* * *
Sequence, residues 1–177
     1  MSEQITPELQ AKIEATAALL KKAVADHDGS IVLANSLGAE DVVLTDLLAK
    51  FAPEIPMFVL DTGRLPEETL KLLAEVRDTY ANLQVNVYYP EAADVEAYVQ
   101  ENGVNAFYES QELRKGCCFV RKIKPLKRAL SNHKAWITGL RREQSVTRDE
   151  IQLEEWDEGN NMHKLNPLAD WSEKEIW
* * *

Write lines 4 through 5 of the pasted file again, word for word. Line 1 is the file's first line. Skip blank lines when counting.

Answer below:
   101  ENGVNAFYES QELRKGCCFV RKIKPLKRAL SNHKAWITGL RREQSVTRDE
   151  IQLEEWDEGN NMHKLNPLAD WSEKEIW